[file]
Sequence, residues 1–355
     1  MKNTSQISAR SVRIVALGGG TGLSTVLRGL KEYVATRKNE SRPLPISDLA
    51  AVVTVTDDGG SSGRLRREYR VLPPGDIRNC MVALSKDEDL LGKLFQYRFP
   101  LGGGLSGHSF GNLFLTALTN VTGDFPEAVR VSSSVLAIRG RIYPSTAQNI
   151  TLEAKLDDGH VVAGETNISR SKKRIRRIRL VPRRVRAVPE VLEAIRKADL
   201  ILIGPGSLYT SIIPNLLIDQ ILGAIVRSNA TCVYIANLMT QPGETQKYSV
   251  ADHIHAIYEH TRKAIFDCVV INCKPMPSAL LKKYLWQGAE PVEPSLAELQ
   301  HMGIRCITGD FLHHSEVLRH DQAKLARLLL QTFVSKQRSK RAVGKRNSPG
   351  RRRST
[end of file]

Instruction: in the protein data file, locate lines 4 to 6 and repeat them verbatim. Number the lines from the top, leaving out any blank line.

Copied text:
   101  LGGGLSGHSF GNLFLTALTN VTGDFPEAVR VSSSVLAIRG RIYPSTAQNI
   151  TLEAKLDDGH VVAGETNISR SKKRIRRIRL VPRRVRAVPE VLEAIRKADL
   201  ILIGPGSLYT SIIPNLLIDQ ILGAIVRSNA TCVYIANLMT QPGETQKYSV